We took more photos like the tourists we were, and soon the boat glided back to the dock. We grabbed a few more photos next to the giant signs, piled back into the van and headed for Wildwaters, which I had neither taken the time to envision or formulated an expectation about. All I knew was that we were eating lunch there and I was finally hungry.
We drove for half an hour weaving through a maze of bumpy, back roads before stopping by another Nile River photo op. Here the river had narrowed and raced over falls. If you wanted to experience the sheer power of the Nile, this was your spot. Back in the van and down a few more jagged roads, we finally came to a green gate with a guard shack. They checked our reservation and opened the gate which wasn’t quite the size of double doors and took all of Joe’s considerable skill to squeeze us through. It was in this moment that I truly began to consider our destination. Clearly Wildwater would have water and it would be wild, so I asked the others for more details. Turns out, it is a lodge, a very nice lodge on a forested, private island located in the middle of the Nile. Yes, in the middle of the Nile. There is only one way in or out to Wildwater – canoe. We divided up into two groups and we were carefully paddled across the Nile to the lodge. From the dock there was an extensive labyrinth of wooden walkways that led to private bungalows right on the river’s edge.
Just imagine the Swiss Family Robinson’s treehouse, now lower it to the ground, add luxury finishes and a wait staff. That’s Wildwaters.
We landed in a larger, central area that housed the lodge’s restaurant and main facility. We were escorted to our own private bungalow just a few yards from the roaring Nile. Two of the four walls opened so you could absorb the view – one from a couch, another from a long table.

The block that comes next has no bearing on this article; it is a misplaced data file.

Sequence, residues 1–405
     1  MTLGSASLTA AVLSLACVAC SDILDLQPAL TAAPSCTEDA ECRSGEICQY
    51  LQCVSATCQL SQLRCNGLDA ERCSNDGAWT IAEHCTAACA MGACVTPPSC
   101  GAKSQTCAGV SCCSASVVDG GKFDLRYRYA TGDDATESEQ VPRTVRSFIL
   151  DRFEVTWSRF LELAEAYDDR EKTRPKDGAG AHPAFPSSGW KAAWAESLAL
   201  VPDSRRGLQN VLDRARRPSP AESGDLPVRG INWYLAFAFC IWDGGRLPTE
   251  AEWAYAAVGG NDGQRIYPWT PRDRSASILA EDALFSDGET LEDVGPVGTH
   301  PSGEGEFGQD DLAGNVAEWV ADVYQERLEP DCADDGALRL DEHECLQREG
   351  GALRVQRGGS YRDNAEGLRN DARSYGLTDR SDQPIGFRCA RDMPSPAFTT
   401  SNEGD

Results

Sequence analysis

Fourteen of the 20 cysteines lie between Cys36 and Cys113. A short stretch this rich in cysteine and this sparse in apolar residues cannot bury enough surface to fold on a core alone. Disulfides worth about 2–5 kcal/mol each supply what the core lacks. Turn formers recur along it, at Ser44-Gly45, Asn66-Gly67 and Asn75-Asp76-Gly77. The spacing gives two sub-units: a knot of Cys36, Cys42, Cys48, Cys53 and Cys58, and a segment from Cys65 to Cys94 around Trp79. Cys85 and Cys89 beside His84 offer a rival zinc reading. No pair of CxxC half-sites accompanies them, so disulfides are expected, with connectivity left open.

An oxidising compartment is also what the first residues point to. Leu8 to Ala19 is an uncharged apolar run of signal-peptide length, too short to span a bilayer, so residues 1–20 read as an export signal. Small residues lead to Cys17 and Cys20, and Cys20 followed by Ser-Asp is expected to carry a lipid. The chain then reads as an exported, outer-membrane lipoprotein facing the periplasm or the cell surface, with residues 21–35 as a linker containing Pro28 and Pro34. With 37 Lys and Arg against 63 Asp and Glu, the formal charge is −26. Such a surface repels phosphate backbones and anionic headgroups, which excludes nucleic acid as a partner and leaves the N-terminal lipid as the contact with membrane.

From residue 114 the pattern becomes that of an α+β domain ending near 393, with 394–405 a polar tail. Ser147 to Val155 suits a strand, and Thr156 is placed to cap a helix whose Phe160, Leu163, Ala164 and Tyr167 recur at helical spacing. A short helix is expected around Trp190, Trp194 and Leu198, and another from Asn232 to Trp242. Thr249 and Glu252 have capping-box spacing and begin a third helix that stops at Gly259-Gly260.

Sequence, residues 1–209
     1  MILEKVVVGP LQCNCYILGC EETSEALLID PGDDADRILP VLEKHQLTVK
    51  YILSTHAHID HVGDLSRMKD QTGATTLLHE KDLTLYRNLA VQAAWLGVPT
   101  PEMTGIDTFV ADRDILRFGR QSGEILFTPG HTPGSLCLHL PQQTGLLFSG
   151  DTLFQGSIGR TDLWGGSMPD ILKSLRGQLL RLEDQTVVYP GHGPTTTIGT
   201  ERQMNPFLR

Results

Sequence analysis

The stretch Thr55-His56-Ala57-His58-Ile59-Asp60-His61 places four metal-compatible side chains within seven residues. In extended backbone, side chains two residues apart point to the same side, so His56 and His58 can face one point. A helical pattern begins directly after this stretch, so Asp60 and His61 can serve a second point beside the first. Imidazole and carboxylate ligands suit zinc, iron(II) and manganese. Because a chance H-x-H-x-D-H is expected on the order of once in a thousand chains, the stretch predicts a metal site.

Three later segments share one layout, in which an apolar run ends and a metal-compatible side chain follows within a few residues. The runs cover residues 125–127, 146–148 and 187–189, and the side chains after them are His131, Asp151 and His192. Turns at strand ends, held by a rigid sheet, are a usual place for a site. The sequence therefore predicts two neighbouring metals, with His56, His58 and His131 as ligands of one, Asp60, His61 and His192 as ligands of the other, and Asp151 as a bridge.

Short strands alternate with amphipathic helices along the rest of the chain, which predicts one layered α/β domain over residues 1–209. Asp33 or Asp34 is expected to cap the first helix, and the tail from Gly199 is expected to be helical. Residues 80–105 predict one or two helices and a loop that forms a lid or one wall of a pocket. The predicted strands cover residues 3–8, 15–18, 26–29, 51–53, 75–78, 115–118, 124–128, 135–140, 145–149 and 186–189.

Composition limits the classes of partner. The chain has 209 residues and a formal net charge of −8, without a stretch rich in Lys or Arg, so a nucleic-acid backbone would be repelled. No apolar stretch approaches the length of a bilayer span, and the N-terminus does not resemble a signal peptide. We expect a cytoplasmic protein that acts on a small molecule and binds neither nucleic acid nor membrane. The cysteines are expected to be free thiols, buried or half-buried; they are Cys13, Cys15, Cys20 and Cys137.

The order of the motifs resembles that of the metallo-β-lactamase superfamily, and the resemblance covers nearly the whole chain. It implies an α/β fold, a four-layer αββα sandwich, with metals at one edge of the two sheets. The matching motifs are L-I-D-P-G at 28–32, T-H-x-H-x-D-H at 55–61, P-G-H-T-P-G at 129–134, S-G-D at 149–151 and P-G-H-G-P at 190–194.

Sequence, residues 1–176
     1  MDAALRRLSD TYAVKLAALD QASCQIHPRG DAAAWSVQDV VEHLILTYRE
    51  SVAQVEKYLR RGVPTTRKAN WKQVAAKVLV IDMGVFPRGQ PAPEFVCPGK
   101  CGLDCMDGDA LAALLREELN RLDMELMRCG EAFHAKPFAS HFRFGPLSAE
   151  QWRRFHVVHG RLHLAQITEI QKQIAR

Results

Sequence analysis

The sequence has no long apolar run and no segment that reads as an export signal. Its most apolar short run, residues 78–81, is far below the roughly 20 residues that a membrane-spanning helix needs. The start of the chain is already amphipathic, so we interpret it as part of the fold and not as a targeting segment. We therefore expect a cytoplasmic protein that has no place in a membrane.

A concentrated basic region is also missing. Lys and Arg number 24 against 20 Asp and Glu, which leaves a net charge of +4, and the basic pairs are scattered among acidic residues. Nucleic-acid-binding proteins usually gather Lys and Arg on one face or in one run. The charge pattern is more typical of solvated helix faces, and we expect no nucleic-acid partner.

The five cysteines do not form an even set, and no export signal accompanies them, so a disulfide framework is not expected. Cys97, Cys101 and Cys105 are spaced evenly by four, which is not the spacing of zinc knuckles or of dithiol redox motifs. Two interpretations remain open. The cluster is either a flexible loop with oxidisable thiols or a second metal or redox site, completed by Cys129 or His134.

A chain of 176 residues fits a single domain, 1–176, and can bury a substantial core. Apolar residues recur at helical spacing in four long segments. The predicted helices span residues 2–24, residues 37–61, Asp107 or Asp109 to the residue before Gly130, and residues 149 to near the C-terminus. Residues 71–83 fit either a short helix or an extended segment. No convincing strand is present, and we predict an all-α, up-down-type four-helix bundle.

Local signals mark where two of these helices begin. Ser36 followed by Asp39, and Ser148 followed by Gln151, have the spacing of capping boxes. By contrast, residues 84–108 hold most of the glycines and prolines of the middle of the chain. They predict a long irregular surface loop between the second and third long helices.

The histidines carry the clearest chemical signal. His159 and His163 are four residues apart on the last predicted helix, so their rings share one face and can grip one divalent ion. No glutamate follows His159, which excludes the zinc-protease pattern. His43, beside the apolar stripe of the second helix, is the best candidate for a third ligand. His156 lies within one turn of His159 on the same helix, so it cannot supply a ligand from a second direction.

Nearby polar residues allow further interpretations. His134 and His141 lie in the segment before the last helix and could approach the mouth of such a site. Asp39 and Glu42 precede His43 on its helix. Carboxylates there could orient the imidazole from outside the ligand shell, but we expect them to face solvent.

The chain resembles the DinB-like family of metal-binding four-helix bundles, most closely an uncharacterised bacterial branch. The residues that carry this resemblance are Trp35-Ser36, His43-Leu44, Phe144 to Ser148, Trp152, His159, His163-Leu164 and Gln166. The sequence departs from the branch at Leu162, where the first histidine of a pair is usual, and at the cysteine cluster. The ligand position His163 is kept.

Lunch was marvelous – more for the company than the food – and we continued to laugh and tease each other. I was also initiated into the Wildwaters club. Any newbie who goes to the bathroom at Wildwaters has to pass by a series of African tribal masks. You see them but you don’t think much of them. That is until you open the bathroom door to return to the table and find Derrick wearing one to scare you. I jumped. Lianna – his partner in crime – snapped a blurry photo and we all laughed.
Soon, the meal was done and we were headed back to Kampala. The conversation in the car ebbed and flowed, and soon I found myself lost in thought. This would be one of those days I would never forget. I had just been on the mighty Nile River – twice. I had dined in paradise. As I turned to view my tired fellow travels in the van, I saw friends that I hoped I’d have forever. We returned to our Ugandan home, and said our goodbyes. I had 24 hours until to my flight home.
No words can express my joy for coming to Uganda. Likewise, I cannot fully express how I feel about leaving – sad, anxious about travel, not ready for the adventure to be over, so ready to be home.
Just one more day.
P.S. – One last quick story from the day: As we hit the edge of Kampala on our return trip, there was a small parade of people marching down a side street. Clearly, the young man at the front of the parade was being celebrated. I inquired about the parade. Derrick and Joe both smiled and then explained that this was a male circumcision parade. I blinked about 90 times as my brain processed both the act and the need to celebrate it so publically. Everyone waited for my response. I took a deep breath and said, “I don’t think I could find an appropriate greeting card for that.” Great memory.